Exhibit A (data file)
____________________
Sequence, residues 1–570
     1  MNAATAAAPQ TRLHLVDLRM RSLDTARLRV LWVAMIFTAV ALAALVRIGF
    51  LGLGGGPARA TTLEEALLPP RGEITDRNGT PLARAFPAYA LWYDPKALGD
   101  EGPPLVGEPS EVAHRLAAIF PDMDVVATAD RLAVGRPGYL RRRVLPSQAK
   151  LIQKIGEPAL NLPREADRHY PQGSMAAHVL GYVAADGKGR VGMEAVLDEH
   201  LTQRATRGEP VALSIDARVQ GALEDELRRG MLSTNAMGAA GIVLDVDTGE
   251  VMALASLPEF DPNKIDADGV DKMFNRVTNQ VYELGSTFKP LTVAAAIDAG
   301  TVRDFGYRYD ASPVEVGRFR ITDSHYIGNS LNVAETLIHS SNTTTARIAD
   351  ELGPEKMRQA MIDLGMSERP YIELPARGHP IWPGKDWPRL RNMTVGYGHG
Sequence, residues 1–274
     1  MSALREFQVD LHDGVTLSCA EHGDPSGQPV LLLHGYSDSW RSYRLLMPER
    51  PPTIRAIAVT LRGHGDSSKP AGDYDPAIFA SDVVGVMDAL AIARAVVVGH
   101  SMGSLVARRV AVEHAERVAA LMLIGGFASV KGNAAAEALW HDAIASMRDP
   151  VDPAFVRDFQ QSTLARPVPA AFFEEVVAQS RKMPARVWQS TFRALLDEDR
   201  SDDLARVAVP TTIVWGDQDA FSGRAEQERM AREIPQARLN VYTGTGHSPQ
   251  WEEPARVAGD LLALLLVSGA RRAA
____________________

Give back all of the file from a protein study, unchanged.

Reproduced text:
Sequence, residues 1–570
     1  MNAATAAAPQ TRLHLVDLRM RSLDTARLRV LWVAMIFTAV ALAALVRIGF
    51  LGLGGGPARA TTLEEALLPP RGEITDRNGT PLARAFPAYA LWYDPKALGD
   101  EGPPLVGEPS EVAHRLAAIF PDMDVVATAD RLAVGRPGYL RRRVLPSQAK
   151  LIQKIGEPAL NLPREADRHY PQGSMAAHVL GYVAADGKGR VGMEAVLDEH
   201  LTQRATRGEP VALSIDARVQ GALEDELRRG MLSTNAMGAA GIVLDVDTGE
   251  VMALASLPEF DPNKIDADGV DKMFNRVTNQ VYELGSTFKP LTVAAAIDAG
   301  TVRDFGYRYD ASPVEVGRFR ITDSHYIGNS LNVAETLIHS SNTTTARIAD
   351  ELGPEKMRQA MIDLGMSERP YIELPARGHP IWPGKDWPRL RNMTVGYGHG
Sequence, residues 1–274
     1  MSALREFQVD LHDGVTLSCA EHGDPSGQPV LLLHGYSDSW RSYRLLMPER
    51  PPTIRAIAVT LRGHGDSSKP AGDYDPAIFA SDVVGVMDAL AIARAVVVGH
   101  SMGSLVARRV AVEHAERVAA LMLIGGFASV KGNAAAEALW HDAIASMRDP
   151  VDPAFVRDFQ QSTLARPVPA AFFEEVVAQS RKMPARVWQS TFRALLDEDR
   201  SDDLARVAVP TTIVWGDQDA FSGRAEQERM AREIPQARLN VYTGTGHSPQ
   251  WEEPARVAGD LLALLLVSGA RRAA